Of echoes and holograms, Pope Francis' words and what Nuns on the Bus heard on the road

Nuns on the Bus watching Pope Francis' with the crowds on the White House lawn Sept. 23. (GSR photo / Jan Cebula)

As we Nuns on the Bus gathered at the NETWORK offices from the West Lawn of the Capitol where we had just listened to Pope Francis address Congress , we were overwhelmed. The air was electrified by our excitement, joy, gratitude and our resolve to carry on. 

"Oh my goodness. What a blessing! And what people he lifted up. Wow!” exclaimed Oldenburg Franciscan Sister Robbie Pentecost, referring to Abraham Lincoln, Martin Luther King, Jr., Dorothy Day and Thomas Merton. "It was great because there were a lot of people around me who felt excited about the same kinds of things. It was just outstanding."

Notre Dame de Namur Sister Eucharia Madueke, who is from Nigeria, shared her enthusiasm, “I think he said it all. I'm thrilled that he had the courage to say what he said and that [a] large number of people [came]  I looked at the crowd and said, Oh my god, this is a whole lot of America.”

After stating that Pope Francis “hit the issues that were important to us as a nation and as a world,” Sister of the Living Word Mary Joel Curcio commented that his address was like hearing “echoes from the Bus.”

Daughter of Charity Sister Mary Ellen Lacy had a similar reaction, “I feel like he just reiterated everything that we as sisters on the Bus and sisters in general have been pushing for, and I think that his coming here and stating the same ideals and same things is just a total confirmation or affirmation that we're all living the Gospel values in the same way.”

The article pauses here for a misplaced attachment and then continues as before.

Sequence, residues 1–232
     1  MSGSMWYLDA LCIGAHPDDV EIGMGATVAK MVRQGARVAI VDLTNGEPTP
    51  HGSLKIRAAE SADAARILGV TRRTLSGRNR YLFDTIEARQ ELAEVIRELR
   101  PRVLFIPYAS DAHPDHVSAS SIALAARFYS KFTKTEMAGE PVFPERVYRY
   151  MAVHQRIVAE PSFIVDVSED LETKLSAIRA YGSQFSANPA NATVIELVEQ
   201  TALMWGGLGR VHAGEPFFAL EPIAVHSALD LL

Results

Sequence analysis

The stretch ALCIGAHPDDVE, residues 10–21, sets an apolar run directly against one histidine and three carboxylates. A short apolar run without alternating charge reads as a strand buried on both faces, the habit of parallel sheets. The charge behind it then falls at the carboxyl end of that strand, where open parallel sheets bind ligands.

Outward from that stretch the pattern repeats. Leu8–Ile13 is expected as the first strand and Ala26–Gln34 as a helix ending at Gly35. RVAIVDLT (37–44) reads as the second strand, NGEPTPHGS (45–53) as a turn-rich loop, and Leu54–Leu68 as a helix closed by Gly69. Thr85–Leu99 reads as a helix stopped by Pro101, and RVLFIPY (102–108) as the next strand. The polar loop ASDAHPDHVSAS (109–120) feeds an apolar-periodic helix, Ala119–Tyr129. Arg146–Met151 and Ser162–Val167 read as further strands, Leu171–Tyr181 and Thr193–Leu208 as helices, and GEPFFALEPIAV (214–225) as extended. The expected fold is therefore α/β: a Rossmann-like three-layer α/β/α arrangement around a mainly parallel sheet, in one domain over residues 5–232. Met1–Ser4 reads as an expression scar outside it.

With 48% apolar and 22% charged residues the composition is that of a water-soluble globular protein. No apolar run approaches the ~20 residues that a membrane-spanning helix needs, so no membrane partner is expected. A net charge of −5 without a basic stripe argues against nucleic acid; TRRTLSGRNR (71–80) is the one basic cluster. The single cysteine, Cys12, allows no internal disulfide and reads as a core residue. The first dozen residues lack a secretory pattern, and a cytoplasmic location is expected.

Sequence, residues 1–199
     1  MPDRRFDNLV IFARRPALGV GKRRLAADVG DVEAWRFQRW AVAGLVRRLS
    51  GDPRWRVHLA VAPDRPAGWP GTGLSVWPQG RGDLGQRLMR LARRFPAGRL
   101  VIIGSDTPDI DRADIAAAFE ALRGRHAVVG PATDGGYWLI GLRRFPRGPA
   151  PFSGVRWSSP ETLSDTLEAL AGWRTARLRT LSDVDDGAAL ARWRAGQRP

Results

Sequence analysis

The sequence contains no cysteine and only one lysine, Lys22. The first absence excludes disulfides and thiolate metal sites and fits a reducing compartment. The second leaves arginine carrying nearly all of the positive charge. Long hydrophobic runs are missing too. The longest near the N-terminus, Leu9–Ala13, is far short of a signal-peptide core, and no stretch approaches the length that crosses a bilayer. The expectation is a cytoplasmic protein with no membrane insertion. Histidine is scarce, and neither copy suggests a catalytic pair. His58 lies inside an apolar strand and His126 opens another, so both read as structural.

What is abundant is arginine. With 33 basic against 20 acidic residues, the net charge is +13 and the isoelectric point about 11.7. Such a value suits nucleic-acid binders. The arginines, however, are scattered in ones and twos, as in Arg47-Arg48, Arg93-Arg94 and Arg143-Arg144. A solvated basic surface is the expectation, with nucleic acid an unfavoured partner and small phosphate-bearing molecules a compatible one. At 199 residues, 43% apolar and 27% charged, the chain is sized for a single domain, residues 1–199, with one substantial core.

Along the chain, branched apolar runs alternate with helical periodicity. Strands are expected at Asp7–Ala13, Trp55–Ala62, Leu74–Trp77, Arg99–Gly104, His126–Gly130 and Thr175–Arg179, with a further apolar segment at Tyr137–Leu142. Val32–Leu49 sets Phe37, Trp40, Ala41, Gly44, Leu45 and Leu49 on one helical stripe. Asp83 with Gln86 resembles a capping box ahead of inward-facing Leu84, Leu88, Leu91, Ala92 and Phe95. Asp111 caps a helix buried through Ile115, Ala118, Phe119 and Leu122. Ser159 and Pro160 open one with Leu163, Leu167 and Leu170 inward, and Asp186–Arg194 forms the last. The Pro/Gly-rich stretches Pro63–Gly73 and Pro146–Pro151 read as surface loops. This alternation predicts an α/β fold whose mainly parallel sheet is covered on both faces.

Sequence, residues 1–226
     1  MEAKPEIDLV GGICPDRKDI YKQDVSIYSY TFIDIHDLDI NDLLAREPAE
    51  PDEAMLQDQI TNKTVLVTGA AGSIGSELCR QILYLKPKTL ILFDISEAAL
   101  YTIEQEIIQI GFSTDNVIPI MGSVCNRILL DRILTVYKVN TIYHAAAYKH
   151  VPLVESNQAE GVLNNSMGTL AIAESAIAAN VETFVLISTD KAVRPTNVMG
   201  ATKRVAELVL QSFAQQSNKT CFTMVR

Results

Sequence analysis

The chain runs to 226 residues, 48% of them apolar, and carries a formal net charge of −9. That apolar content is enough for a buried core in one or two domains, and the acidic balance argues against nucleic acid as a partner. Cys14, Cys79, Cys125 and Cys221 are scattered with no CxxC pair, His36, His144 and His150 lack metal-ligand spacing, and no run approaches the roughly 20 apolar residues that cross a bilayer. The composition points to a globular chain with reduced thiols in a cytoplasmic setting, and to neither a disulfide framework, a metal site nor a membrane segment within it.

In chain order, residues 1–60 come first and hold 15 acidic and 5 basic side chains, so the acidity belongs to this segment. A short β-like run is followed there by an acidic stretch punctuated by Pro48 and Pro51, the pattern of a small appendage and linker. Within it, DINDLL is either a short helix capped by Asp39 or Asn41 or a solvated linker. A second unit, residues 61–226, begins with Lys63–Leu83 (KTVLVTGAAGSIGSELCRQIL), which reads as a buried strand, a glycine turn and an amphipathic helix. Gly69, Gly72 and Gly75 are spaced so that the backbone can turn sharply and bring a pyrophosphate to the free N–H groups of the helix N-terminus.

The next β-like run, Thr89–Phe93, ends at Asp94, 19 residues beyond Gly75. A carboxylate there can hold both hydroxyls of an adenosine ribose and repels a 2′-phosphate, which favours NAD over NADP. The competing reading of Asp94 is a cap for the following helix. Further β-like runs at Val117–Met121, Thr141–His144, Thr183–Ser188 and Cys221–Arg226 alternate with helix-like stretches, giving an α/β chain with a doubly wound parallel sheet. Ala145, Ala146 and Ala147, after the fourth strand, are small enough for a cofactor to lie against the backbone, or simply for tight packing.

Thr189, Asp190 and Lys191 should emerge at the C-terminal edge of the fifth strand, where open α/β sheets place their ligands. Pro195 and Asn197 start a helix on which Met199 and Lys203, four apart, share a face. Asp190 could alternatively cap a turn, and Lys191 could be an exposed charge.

In order to get a spot at the U.S. Capitol, people had to arrive before dawn Sept. 24. (GSR photo / Jan Cebula)

Yes, various themes from Pope Francis’s words echoed our Bus experience. We had just completed an amazing “Bridge the Divides; Transform Politics” trip through seven states and 13 cities with 33 stops. We went to talk with people, hear their stories, provide a space for conversations and learn how they are bridging divides.

Francis’ words, “The contemporary world, with its open wounds which affect so many of our brothers and sisters, demands that we confront every form of polarization which would divide it into these two camps,” and ,“It is my duty to build bridges and to help all men and women, in any way possible, to do the same,” echoed the theme emblazoned on the side of our bus.

Dialogue was a recurrent theme of Pope Francis. He used the word six times in his address to Congress, expressing his desire to dialogue with the elderly, youth, working people, all people of the U.S. through the historical memory of our people, with countries at odds, for ending the armed conflict and with all people about “our common home.”

Pope Francis’ words echoed our experience at every town hall when people stood up and expressed their desire to have similar conversations with an even more inclusive group.

“Common good, solidarity, cooperation, and fraternity,” words used often by Francis expressed the yearnings of people we met all along the way.

Watching Pope Francis address Congress via live video outside the U.S. Capitol. (GSR photo / Jan Cebula)

In speaking of the refugee crisis, Pope Francis said “We must not be taken aback by their numbers, but rather view them as persons, seeing their faces and listening to their stories, trying to respond as best we can to their situation.” Katherine’s heartbreaking story in Kansas City, the women serving the immigrant community in Nashville, the Polish immigrant’s experience of feeling excluded in Evansville, our meeting up with the 100 Women, 100 Miles echoed.